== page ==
What does it say about the NHL that there doesn’t seem to be a wide range of Stanley Cup contenders? Sorry, what’s that? ... a pandemic? Which is severely impacting teams’ abilities to add talent, plug holes and refresh their rosters? Must be it! Anyway, here’s how the 31 teams stack up entering the league’s 56-game sprint to the Stanley Cup Playoffs.
If you’re willing to overlook the fact the Tampa Bay Lightning had to essentially sacrifice Nikita Kucherov’s regular season, scheduling a surgical procedure so that his return timeline would line up exactly with the beginning of the Stanley Cup playoffs, then it really wasn’t a bad offseason for the supposedly capped-out champs. If it can again manage the loss of a star player — enough so to take a top-four seed in one of the least talented divisions under the NHL’s reorganization — Tampa Bay will have a chance to ice an even better, far more expensive roster than it used en route to the bubble title. Steven Stamkos is healthy, and Kucherov is expected to be when it matters most for a team that, after jumping several hoops, is expected to return every meaningful postseason contributor, save for maybe Kevin Shattenkirk. They are still the ones to beat.
Understanding the window is wide open, both the Colorado Avalanche and Vegas Golden Knights aggressively pursued improvements to their rosters in the offseason. Colorado was in a far more advantageous position, using what’s now worth its weight in gold — cap space — to bring in two solid pieces in defender Devon Toews and forward Brandon Saad. And yet, despite significant financial hurdles, the Golden Knights moved mountains, it seemed, to land the offseason’s biggest free agent prize, star defender and Stanley Cup winning captain Alex Pietrangelo. These immensely talented teams, both of which do still have question marks (for the Avs, goaltending, and Vegas, goal scoring), must go through each other just to make the final four, something which seems wholly unfair in this one-off season.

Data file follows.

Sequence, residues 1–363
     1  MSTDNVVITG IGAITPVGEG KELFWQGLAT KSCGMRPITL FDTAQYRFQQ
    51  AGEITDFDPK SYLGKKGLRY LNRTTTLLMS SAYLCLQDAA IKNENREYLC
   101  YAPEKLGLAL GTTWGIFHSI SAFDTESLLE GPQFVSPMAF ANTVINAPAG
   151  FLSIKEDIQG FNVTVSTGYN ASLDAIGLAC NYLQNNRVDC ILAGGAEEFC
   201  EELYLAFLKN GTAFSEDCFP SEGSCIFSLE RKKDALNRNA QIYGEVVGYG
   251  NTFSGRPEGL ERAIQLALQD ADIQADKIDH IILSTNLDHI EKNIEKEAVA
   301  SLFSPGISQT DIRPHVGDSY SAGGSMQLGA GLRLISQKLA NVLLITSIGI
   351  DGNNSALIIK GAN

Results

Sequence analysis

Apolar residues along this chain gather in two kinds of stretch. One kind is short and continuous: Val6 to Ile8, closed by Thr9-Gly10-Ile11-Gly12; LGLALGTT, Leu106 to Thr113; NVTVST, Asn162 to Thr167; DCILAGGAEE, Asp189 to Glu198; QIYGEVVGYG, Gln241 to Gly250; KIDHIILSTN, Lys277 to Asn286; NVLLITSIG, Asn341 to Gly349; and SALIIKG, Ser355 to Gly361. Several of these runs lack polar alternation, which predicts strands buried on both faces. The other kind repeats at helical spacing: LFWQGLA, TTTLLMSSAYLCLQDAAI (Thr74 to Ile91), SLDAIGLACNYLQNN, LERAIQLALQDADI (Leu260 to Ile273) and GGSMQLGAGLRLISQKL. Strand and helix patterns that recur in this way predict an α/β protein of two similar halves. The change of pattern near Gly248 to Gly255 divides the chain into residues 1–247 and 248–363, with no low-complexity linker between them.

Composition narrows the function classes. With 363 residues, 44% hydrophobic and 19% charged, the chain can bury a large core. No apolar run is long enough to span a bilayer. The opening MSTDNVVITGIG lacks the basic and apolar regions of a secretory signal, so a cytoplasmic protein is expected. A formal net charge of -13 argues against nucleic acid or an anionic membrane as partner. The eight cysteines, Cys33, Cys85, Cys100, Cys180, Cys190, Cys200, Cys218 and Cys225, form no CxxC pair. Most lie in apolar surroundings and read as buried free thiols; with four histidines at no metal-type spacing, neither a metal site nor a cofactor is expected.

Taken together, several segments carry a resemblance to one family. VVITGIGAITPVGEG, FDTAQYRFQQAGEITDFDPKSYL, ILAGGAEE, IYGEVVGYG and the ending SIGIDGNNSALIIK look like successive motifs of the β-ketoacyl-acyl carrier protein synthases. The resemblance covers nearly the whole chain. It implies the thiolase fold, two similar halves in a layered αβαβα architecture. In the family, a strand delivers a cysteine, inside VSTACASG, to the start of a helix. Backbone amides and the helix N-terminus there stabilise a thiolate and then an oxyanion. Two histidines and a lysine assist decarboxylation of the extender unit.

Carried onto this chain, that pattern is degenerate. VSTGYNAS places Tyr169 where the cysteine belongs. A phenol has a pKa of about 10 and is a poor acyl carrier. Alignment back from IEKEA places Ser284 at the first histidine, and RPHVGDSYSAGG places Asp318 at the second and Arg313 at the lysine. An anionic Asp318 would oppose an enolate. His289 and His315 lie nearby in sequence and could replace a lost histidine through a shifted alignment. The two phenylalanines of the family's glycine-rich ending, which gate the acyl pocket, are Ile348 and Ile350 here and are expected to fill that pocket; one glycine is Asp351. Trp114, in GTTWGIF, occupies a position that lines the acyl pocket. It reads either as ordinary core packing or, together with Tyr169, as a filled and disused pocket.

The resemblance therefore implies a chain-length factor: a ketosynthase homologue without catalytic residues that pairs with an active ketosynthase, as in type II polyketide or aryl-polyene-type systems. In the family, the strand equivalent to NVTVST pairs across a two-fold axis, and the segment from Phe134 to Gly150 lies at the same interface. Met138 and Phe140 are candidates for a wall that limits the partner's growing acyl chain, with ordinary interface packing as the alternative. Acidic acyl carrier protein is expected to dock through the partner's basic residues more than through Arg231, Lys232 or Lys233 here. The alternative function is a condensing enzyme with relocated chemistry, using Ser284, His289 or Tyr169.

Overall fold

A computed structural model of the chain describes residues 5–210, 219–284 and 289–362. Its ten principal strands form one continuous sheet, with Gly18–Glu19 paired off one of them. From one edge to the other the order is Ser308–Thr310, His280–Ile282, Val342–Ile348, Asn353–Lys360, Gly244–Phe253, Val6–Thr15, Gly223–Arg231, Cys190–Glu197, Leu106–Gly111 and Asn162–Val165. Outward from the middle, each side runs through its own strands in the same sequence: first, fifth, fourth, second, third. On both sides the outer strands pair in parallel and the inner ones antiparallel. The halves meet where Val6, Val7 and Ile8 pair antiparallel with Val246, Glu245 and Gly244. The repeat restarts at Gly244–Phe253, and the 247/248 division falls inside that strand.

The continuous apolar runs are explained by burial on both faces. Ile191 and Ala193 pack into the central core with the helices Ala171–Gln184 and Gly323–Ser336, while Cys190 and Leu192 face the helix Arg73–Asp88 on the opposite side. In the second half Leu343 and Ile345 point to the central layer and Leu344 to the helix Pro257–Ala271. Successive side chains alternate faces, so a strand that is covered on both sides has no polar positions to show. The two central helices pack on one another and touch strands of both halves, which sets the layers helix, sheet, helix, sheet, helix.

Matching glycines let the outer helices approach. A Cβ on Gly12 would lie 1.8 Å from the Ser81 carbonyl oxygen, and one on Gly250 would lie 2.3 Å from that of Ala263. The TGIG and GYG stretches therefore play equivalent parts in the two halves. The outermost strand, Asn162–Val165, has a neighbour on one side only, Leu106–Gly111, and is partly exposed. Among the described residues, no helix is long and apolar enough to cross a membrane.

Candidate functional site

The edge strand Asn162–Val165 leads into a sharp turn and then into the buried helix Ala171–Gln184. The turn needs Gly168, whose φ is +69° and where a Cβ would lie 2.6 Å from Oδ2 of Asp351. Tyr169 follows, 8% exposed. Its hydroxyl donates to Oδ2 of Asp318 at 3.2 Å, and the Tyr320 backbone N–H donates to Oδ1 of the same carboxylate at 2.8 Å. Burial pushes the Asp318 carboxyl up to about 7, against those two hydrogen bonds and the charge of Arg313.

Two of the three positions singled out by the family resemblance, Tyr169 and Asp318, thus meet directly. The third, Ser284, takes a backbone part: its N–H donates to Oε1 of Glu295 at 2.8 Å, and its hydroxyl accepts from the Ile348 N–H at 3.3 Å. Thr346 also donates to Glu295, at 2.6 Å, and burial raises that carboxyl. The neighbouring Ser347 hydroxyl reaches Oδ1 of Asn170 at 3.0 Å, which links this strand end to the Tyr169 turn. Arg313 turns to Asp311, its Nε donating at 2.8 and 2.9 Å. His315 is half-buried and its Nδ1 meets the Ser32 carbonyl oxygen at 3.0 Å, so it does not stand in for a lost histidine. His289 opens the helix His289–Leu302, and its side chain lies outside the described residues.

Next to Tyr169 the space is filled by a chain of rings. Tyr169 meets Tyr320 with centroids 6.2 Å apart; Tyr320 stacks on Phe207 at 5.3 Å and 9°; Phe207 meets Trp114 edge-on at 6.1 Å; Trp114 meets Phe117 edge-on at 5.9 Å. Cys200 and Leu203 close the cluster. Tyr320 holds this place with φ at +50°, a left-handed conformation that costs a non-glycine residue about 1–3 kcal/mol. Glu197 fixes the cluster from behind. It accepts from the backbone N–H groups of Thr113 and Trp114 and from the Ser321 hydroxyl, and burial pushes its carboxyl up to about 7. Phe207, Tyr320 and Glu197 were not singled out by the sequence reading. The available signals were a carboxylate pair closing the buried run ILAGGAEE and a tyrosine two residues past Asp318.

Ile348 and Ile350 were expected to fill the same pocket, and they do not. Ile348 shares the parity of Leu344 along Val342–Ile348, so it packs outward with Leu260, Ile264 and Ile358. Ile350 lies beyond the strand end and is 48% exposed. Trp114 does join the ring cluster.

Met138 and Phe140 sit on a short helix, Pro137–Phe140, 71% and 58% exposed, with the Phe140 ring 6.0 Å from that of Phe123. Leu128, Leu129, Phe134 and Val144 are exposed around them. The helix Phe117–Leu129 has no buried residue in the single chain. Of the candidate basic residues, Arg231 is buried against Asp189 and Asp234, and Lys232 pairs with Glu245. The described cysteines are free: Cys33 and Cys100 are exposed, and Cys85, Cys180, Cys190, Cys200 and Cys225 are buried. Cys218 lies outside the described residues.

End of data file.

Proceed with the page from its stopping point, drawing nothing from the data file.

Still in the fight
Write off the Boston Bruins at your own peril. It’s certainly not the same defensive core in the categories of leadership, character, presence and quarterbacking on the power play, but the strength of this team remains, with Patrice Bergeron, Brad Marchand and David Pastrnak still capable of being the best line in hockey. It’s an exceedingly tough division, but the Bruins should be considered favourites over Pittsburgh, Philadelphia and Washington. Avoiding Tampa Bay for at least the first two rounds come playoff time is a benefit, too.
Not to be taken lightly
Neither the Dallas Stars, Carolina Hurricanes or St. Louis Blues will be considered favourites in their divisions, but all three have the capabilities to spoil the plans of those listed above. The Stars will return virtually the exact same roster that pushed the Lightning to six games in the Stanley Cup Final, though still suffering some bumps and bruises picked up in the long postseason run. St. Louis is one to watch after turning over a new leaf since winning the Stanley Cup almost two years ago, replacing Alex Pietrangelo with Torey Krug and most recently adding a potential game changer up front in Mike Hoffman. And finally, the Hurricanes remain one of the most talented and balanced teams in the league, and just seem poised for that breakthrough we’ve been waiting on.